The Last Really Good Shack – # 32

Fall really was the best time of year when we lived in the shack. The weather was gorgeous, the woods filled with autumn color and many fall festivities to enjoy.
The first festival of the fall season was always the county fair. The fair grounds were in the middle of the county seat, old wooden barns and structures that were used for rodeos and for showing prize animals in the arenas.
But for those few days in September, the fences and barns were given a new coat of whitewash. The grounds would become the midway with all the brightly lit carnival rides and booths. The big show barns were filled with prize vegetables and fruit, beautiful glass jars of preserves and pickles, huge pumpkins and giant ears of corn, flower displays of mixed arrangements and gorgeous roses, primped and shown to perfection.
A barn for textiles and crafts was overflowing with hand pieced quilts, knitting and crochet work as delicate as lace, needlepoint and handwork with the tiniest stitches, it would make your eyes cross to look at them.
Small animals would be shown in the next big white barn. Rabbits of all colors and sizes, long hair and short, huge and pygmy. Then the poultry section with so many different kind of chickens, it would make your head spin. And one of my favorites was the specialty poultry showing tiny quail and golden pheasant and so many other birds I can’t even tell you.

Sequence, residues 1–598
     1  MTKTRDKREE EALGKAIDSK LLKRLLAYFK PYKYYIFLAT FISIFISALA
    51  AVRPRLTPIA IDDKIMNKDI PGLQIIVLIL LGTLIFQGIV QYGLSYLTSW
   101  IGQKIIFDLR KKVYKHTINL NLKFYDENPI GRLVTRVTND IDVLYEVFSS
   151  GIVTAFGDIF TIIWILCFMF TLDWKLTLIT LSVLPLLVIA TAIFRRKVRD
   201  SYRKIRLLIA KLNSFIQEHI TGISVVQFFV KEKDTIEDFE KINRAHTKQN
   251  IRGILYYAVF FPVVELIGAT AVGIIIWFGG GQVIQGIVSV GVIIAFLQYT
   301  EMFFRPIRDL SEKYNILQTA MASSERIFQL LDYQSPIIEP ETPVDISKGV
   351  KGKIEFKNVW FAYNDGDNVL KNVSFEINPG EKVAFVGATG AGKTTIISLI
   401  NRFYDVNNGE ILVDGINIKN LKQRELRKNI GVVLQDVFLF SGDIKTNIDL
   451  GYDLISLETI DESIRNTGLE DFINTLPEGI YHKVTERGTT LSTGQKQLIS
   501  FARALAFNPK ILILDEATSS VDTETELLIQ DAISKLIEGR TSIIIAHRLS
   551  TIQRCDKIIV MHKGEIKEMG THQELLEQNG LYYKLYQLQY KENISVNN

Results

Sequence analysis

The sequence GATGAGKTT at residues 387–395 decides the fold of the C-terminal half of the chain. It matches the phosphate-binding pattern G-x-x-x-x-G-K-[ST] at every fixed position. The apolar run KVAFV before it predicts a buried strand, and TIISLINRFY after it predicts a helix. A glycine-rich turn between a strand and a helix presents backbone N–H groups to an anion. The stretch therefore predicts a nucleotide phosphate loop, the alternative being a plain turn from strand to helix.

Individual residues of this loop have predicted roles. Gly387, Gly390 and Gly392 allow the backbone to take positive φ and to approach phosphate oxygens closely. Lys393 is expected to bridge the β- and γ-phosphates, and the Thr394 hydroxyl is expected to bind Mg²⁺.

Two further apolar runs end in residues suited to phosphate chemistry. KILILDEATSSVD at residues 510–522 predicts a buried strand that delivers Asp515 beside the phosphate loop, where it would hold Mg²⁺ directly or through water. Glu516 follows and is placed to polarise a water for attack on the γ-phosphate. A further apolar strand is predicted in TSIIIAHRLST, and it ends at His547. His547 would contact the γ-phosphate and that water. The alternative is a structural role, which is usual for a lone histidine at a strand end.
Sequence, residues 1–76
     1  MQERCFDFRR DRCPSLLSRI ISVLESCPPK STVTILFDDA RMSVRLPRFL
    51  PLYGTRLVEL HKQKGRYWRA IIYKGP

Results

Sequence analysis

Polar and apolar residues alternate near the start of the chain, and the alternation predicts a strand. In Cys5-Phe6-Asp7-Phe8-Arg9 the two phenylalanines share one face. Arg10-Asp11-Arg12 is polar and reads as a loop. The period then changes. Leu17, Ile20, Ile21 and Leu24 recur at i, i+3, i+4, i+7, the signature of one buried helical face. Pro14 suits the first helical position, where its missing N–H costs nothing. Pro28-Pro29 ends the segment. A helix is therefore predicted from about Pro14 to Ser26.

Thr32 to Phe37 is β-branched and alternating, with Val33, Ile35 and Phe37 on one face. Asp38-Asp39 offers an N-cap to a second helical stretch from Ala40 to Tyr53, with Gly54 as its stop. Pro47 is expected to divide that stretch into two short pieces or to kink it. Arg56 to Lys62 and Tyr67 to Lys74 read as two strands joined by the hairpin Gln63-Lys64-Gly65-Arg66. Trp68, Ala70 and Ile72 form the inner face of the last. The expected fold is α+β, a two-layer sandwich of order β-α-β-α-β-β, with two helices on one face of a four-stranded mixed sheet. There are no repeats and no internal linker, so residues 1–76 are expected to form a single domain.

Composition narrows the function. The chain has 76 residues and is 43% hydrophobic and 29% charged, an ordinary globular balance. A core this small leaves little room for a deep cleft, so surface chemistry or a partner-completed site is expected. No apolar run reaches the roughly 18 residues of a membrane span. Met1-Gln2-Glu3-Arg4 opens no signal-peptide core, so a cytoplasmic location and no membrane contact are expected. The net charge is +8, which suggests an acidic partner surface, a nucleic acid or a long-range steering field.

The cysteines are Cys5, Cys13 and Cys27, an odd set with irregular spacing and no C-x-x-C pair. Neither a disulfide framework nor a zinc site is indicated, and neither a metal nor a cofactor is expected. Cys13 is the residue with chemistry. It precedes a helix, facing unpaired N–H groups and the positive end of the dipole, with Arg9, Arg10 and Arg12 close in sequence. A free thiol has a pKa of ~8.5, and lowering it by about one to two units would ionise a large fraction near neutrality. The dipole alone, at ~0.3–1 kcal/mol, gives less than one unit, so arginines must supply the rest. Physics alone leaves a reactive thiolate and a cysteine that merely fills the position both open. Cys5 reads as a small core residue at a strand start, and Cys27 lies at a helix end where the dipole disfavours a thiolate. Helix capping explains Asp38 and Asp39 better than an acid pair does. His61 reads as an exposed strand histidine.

Walking across behind the show ring, you would come to the stalls with the 4H or FFA kids and their livestock. Sheep and goats, pigs and bulls, milk cows and tiny calves – all being washed and combed, curried and trimmed and readied to show off in the big ring. Each of these kids had raised their animal and now would show it with hopes of winning a ribbon and selling it for market. Not to say they weren’t a little sentimental, but these young people were learning to be business people too. The higher the bid for your animal, the more money for college was put into your savings account.
Bob and I would always walk through and admire each of the display, checking to see if we knew the grand prize winners. It was a rural county with a small population, so we were bound to run into many friends. Bob would try to win me a stuffed animal at one of the booths. We would check out all the food vendors – he almost always would choose a sausage and I had to have my annual fair funnel cake. Nothing wrong with hot fried dough and a ton of powdered sugar!
After visiting with friends and walking through the midway rides, we would head back down the holler to our little shack in the Ozark woods filled with the scent of woodsmoke and the sound of owls.
Until next time …..